State legislators have overridden Governor Nixon’s veto of the congressional redistricting map.
The Senate completed the legislative override, voting 28-to-6 to enact the bill containing the map over the objections of the governor. That vote came on the heels of a House vote that just met the two-thirds majority requirement; 109-to-44.
The House was the key. The Senate had earlier approved the map 27-7, more than enough votes to override a gubernatorial veto. Sen. Chuck Purgason, a Republican from Caulfield, voted against the bill earlier, but voted for the override. Sen. Bill Stouffer, a Republican from Napton, stuck with his opposition to the map and voted with five Senate Democrats against the override. No debate took place in the Senate prior to the vote.
House Speaker Steven Tilley, a Republican from Perryville, acknowledges he worried whether he had the votes needed when he brought the veto override before the body.
“Yeah, I mean, because we had 109. If one person flips on you, then you don’t quite get there,” Tilley tells the Missourinet, “but I’m thrilled with the result.”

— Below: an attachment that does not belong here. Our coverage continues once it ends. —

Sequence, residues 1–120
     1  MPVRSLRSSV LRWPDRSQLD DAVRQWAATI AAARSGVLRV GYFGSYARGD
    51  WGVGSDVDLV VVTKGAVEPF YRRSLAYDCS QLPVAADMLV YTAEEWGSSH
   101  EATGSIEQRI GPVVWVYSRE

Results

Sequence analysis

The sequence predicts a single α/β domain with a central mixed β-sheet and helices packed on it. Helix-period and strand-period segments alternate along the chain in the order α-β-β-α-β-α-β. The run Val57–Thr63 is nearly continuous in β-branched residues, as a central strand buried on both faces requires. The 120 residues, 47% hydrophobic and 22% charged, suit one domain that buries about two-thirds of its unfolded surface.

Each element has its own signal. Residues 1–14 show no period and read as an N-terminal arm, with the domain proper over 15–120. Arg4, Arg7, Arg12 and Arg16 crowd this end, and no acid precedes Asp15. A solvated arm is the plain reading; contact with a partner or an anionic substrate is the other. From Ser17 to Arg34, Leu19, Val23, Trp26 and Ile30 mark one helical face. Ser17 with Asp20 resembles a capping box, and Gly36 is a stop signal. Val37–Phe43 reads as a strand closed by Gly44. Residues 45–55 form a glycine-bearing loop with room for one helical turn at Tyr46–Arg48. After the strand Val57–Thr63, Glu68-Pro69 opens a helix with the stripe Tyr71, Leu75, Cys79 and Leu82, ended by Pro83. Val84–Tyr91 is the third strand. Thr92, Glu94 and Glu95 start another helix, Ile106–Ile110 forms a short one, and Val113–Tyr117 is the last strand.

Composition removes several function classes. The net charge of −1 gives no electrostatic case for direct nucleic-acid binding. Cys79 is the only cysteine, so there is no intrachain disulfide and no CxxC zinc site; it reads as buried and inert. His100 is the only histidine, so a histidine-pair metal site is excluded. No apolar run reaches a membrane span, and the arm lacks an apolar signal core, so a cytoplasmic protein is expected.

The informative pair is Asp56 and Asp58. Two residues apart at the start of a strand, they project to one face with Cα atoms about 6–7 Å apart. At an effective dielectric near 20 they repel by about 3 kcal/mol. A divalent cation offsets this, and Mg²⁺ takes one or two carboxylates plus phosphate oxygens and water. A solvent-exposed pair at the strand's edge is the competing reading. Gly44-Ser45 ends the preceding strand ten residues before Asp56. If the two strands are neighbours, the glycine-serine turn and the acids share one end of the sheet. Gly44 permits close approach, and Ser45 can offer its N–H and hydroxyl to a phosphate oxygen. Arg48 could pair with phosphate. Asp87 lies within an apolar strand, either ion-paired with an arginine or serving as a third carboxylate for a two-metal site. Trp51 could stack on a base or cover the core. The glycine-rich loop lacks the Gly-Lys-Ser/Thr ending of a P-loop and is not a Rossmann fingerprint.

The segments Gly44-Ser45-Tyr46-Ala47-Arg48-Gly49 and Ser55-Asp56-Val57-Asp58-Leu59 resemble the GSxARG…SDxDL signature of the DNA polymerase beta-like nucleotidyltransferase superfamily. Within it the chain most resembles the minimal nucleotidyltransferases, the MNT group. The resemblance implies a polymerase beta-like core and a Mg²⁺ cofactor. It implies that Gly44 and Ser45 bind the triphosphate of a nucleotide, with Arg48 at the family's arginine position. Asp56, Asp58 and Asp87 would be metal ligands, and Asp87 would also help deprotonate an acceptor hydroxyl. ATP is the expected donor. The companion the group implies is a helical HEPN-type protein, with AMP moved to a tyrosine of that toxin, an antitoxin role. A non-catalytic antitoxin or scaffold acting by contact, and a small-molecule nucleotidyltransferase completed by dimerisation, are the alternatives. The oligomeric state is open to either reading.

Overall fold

Last week, the House voted 96-55 to approve the map contained in CCS/SS/HCS/HB 193. House leadership needed to convince all the Republicans who voted against the map to vote in favor of the override. That left the Republican majority four short.
House Redistricting Committee Chairman John Diehl (R-Town and Country) acknowledges he was a bit anxious when debate ended in the House and the electronic voting board lit up to record the representatives’ votes.
“Oh, there have been a few tense moments. When that board lit up, it was getting a little nerve-racking.” Diehl says. “We knew we were at 109, so we just had to see if everybody came through in the end.”
In the end, Democrats Jamilah Nasheed of St. Louis, Penny Hubbard of St. Louis, Michael Brown of Kansas City and Jonas Hughes of Kansas City joined all 105 Republicans to approve the override motion.
Governor Nixon’s office released a statement.
“As I have stated before, I do not believe this map reflects a fair representation of the interests for all regions of our state. Now that the map is finalized, we expect a robust electoral process in these significantly altered districts.”
A redistricting map has now survived a veto. We asked Senate Redistricting Committee Chairman Scott Rupp, a Republican from Wentzville, if it can survive a court challenge.
“Yeah, I think it’s a very good map,” Rupp says. “It represents one person, one vote. It’s contiguous. It’s compact. It takes into consideration the loss of a seat, plus the migration patterns. And overall it’s a very good map and I think that’s why you got support from both parties.”
Missouri loses a Congressional seat in the 2012 elections, because the state population according to the 2010 Census didn’t grow as much as other states.